Success Story: Clextral



Extrusion of meat substitutes

Meat substitutes could be part of the solution for feeding a rapidly growing world population. Clextral, a French manufacturer of food extrusion equipment, who has been in this market for many years has recently successfully partnered with Brabender Technologie.

One of the greatest challenges of the 21st century will be to feed the growing world population while protecting the environment and animal welfare. Global meat consumption has more than doubled in the last 50 years. This substantial increase in industrial livestock production has had a serious environmental impact and raises ethical questions in relation to animal welfare. In addition, excessive meat consumption has a negative impact on human health.

Flexitarians and meat substitutes

These worrisome developments have given rise to a new food trend: a conscious reduction in personal meat consumption. Flexitarians regularly eat meat but are mindful of nutrition and the environment. They try to incorporate healthy, plant-based, protein-rich alternatives to traditional meat products in their diets. Plant-based meat substitutes resemble real meat in terms of flavor, appearance, and texture, but consist of plant-based proteins. These meat substitutes are rich in protein, fiber and nutrients and contain highly effective essential amino acids, that are cholesterol-free, and low in fat. The most important sources of plant-based proteins include wheat gluten, soya beans, peas, lentils, fava beans, chickpeas, green beans, and lupins.

Clextral: the food extrusion expert

Since the late 1990s, Clextral, a French manufacturer of food extrusion equipment, has been working together with food processors and food research centers to develop convenience foods made of fibrated protein products, which consist of extruded fibrous proteins. Jérôme Mottaz, Head of Engineering and R&D at Clextral, explains: “In the past few years, the sales figures for texturized or fibrated vegetable protein in Europe, Asia, America and Australia have increased steadily. Since 2001, we have held a patent for High Moisture Extrusion Cooking (HMEC) – one of the two twin-screw extrusion processes used to manufacture meat substitute products from proteins.”

The two extrusion processes

In addition to the High Moisture Extrusion Cooking process, there is also a “dry” process, called TVP. The two extrusion processes differ from one another in terms of the configuration of the extruder and the die used. In the dry extrusion process, Clextral usually feeds a premix made of soya powder or pea concentrate with a protein content of between 50 and 60 percent into the extruder. Using a simple die produces an extrudate with a spongy texture and a low moisture content of 10 to 23 percent at the exit of the extruder die and around 8% at the exit of the dryer post extrusion. After rehydration, the extrudate is ready for consumption at home.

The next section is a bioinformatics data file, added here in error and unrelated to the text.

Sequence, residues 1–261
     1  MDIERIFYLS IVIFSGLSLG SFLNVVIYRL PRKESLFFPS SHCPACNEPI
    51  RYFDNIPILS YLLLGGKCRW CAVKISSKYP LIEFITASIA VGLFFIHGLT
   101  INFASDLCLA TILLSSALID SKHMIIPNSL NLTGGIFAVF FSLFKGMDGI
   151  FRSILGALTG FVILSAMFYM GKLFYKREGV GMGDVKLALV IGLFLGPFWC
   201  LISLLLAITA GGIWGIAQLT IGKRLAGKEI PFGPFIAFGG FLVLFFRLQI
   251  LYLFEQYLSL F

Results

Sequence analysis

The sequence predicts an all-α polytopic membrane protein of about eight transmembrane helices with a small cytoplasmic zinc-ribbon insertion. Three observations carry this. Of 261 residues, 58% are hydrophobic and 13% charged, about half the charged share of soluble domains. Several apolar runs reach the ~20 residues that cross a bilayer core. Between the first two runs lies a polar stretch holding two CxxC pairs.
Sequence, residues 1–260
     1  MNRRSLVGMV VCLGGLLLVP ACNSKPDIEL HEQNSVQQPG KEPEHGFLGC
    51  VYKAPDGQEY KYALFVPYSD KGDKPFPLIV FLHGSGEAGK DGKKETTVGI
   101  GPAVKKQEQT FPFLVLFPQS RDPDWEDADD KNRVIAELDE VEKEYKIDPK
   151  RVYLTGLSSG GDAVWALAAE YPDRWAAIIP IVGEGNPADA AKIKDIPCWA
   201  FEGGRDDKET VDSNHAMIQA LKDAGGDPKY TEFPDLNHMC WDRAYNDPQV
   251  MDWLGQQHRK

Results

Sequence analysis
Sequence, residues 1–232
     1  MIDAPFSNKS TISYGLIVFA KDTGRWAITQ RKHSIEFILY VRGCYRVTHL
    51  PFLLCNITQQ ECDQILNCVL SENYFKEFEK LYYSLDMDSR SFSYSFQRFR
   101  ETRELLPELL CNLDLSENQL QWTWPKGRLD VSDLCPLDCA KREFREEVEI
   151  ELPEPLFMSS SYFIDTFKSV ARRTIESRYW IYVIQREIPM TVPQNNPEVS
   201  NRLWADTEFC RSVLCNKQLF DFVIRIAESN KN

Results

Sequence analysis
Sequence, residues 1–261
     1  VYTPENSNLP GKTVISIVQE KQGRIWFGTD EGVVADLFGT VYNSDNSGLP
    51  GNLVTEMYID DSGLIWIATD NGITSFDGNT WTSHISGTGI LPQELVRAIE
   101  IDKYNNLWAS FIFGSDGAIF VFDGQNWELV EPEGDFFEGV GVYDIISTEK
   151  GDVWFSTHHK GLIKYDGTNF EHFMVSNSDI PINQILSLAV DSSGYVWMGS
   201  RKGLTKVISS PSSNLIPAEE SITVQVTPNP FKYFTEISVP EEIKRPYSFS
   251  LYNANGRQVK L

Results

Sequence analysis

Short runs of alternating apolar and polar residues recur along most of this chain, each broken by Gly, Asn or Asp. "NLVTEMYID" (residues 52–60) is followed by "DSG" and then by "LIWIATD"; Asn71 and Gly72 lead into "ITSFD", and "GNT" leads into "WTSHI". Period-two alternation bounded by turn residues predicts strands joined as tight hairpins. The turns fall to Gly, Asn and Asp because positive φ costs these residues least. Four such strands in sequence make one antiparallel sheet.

High Moisture Extrusion Cooking

Plant-based raw materials like peas or soya are also used in the HMEC process, although in the form of isolate or concentrate with a higher protein content of 70 to 80 percent. The difference compared to the dry process is that HMEC involves thermomechanical processing – “cooking” – the proteins at temperatures in excess of 120 degrees Celsius and at a high moisture content of 50 to 70 percent, as well as relatively long dwell times. This process enables fiber formation and takes place in a complex screw and barrel configuration within the twin-screw extruder, where the specific screw configuration features a high length to diameter ratio.

Emmanuel Lavocat, food extrusion process engineer at Clextral, describes it as follows: “In their original state, proteins are like woolen threads that are interwoven. During the cooking process in the extruder, they are disentangled, unfolded and cut into small pieces. In the die, they are then re-crosslinked to produce even filaments of good quality.”

Cooling die influences texture

A long cooling die is positioned behind the screw-barrel configuration, and it plays a key role in the HMEC process. The setup of its cooling channels, the cross-sectional area and aperture dimensions all have a major impact on the texture and quality of fiber formation. For example, both rough surfaces featuring relatively short, thick, cross-sectionally oriented fibers and smoother surfaces with long. thin, laminar-flow-oriented fibers are feasible. Each of these products is used for specific food applications, for example, as analog chicken strips or analog pulled pork. HMEC creates intermediate products, the structure and texture of which closely resembles the muscles found in meat. Further processing also enables flavor, olfactory and visual features to be added.

Look into the future

“The end products of the High Moisture Extrusion Cooking process have the potential to appeal to consumers, who have previously viewed analog meats with skepticism,” says Emmanuel Lavocat with conviction – and they could help to feed the growing world population on a sustainable basis in the future.

(published in FLUX 2/2021)